Maasai Culture and a Preview of Wildlife

Jambo, jambo and karibu, blog followers! (Swahili for hello, hello and welcome!)

Due to sketchy internet, we are a day behind, and the adventure continues to become more incredible each day. To continue the adventure:

After leaving Arusha to begin our safari, we drove through dry, dusty land inhabited by the Maasai Tribe, As explained in the last blog, the Maasai are the largest tribe in Africa. They are trying to hold on to their traditions in an ever changing world, and are succeeding quite well from what we observed. blog3MassaiHerding-1They are primarily nomadic herders, having a strong bond with their cows, and they move with the seasons, of which Africa has two: wet and dry. They live in small villages made up of small mud and stick huts and an occasional block buildings with a tin roof.

Typical Maasai village
Typical Maasai village

We passed many small villages, saw herds of cows, goats, sheep, donkeys, and even a few camels that were tended by men, women and children.  Some were friendly when we wanted to take pictures, some became angry, and some asked for money in order to be photographed. Knowing that many are poor, we gladly accommodated them. We stopped at a Maasai village, which allows tourists to see the village for a fee of $60 per vehicle.

Children tend their village's herd
Children tend their village’s herd
Maasai woman carries materials to build her hut
Maasai woman carries materials to build her hut

 

 

 

 

 

 

This particular village was small and poor; however, the chief’s son greeted us and gave us a tour of the village, which consisted of a few small huts (one of which was a school for about five girls), a corral built from sticks and branches, and an array of crafts made by the women to raise money for the school.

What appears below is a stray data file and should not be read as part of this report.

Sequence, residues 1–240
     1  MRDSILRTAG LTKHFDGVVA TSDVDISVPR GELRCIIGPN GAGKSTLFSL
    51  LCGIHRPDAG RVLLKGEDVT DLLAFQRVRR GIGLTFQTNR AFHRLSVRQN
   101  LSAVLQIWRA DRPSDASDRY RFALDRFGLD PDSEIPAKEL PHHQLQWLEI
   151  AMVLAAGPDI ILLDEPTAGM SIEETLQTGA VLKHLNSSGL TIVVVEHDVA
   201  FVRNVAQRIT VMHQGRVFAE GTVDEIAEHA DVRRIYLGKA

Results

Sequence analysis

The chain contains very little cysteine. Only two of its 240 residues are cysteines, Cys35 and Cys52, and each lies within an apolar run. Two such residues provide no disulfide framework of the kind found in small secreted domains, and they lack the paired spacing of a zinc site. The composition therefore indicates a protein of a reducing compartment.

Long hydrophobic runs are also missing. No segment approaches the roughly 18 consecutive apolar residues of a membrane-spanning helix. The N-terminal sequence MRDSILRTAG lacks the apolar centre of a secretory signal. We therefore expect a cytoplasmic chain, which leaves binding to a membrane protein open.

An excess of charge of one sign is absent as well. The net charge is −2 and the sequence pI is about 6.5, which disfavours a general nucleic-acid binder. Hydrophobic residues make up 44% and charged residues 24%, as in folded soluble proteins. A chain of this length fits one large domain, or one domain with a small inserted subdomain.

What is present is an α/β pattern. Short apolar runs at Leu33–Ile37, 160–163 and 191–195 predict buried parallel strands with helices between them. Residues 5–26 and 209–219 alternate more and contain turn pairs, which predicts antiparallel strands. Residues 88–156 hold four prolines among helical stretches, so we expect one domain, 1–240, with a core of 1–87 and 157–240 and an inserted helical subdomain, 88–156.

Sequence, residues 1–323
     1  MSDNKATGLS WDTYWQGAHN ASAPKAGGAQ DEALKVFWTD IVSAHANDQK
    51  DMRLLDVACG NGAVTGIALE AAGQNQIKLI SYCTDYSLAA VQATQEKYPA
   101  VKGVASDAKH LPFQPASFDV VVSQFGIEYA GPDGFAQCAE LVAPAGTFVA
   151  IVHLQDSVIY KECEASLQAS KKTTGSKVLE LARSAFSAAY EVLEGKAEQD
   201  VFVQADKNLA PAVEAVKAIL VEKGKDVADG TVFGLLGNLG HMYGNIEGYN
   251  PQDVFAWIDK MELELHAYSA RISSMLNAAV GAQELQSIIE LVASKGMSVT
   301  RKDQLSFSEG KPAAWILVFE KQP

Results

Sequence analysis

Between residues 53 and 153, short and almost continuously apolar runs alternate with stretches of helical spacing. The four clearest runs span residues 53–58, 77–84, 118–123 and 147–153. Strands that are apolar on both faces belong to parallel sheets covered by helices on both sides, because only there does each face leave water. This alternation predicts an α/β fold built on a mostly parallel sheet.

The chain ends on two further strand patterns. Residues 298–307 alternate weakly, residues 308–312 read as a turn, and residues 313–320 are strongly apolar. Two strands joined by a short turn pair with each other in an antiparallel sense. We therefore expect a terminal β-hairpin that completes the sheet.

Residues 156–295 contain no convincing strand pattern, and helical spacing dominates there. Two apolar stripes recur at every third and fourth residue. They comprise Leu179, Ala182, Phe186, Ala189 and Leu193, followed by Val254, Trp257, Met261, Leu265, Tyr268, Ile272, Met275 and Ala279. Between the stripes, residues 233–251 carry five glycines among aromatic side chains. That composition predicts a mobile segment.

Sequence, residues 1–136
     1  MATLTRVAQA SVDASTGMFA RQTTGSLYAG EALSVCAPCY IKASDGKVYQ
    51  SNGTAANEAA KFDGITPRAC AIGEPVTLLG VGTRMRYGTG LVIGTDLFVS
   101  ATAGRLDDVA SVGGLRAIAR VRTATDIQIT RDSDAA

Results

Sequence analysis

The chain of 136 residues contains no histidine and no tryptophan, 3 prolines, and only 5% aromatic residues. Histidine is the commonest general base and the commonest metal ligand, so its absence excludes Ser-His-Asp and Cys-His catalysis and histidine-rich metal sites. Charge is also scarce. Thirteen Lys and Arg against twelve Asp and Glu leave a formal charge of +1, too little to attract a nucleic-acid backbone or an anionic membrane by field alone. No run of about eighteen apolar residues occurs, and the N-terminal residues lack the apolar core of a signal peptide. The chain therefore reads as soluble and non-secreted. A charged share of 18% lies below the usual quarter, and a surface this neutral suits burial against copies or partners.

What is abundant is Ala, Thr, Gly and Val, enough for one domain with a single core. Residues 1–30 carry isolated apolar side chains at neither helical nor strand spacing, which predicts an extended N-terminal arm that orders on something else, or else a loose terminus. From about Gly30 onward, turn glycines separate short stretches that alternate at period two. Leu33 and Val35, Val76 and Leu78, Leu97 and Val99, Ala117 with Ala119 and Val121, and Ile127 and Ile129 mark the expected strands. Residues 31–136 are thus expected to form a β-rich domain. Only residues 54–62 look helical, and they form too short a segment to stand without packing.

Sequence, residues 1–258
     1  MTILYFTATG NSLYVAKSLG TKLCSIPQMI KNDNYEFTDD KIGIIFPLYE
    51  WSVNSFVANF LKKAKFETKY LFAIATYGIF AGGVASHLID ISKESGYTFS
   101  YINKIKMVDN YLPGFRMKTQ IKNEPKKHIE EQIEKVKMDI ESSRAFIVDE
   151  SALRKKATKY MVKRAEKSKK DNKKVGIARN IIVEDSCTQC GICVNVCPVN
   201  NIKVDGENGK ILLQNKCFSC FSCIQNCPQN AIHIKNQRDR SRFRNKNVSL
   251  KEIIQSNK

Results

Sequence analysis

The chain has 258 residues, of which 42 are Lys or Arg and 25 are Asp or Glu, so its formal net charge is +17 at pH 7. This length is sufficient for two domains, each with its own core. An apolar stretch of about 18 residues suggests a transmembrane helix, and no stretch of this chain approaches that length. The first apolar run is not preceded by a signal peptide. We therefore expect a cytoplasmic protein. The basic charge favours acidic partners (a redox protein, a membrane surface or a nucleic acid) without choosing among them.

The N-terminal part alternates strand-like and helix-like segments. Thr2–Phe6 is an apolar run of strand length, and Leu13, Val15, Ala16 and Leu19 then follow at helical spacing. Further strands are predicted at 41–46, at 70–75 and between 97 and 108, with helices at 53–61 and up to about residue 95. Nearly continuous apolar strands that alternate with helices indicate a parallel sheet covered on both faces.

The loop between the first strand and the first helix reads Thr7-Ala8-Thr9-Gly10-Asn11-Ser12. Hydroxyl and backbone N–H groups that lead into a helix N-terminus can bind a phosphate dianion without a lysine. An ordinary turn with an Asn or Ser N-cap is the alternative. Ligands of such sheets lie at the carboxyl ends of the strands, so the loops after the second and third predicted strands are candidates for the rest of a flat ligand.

K is greeted with a traditional necklace by village women
K is greeted with a traditional necklace by village women

The villagers greeted us with a traditional Maasai greeting dance, which consisted of singing and jumping by all, and high jumping by the men.

Maasai greeting jump dance
Maasai greeting jump dance

 

 

 

 

We watched for awhile, then were “encouraged to join in. Blog#MassaiGreetKat-1-2The men demonstrated the skill of starting a fire with only a stick and a machete, Blog#MassaiFire-1The chief’s son demonstrated their way of living by taking us into a very small hut (about 10’x10′ round) that had a fire pit and two separate sleeping beds, one for the father and sons, and the other for mother and daughters.

 

Chief's son explains Maasai family life to K
Chief’s son explains Maasai family life to K

Polygamy is the norm, so each wife builds her own hut, which usually takes about 20 days. We stopped in the school hut, and distributed items such as pads, pencils, crayons, markers, candy, and gum to the children, for which the chief’s son thanked us.

 

 

 

Maasai school hut
Maasai school hut

Blog#MassaiSchool-1-2

We were then encouraged to buy crafts made by the women, with the chief’s son translating while we negotiated a price.  While it was a show for tourists, it was also a true glimpse of the Maasai way of life, as well as a way for a poor village to make some money.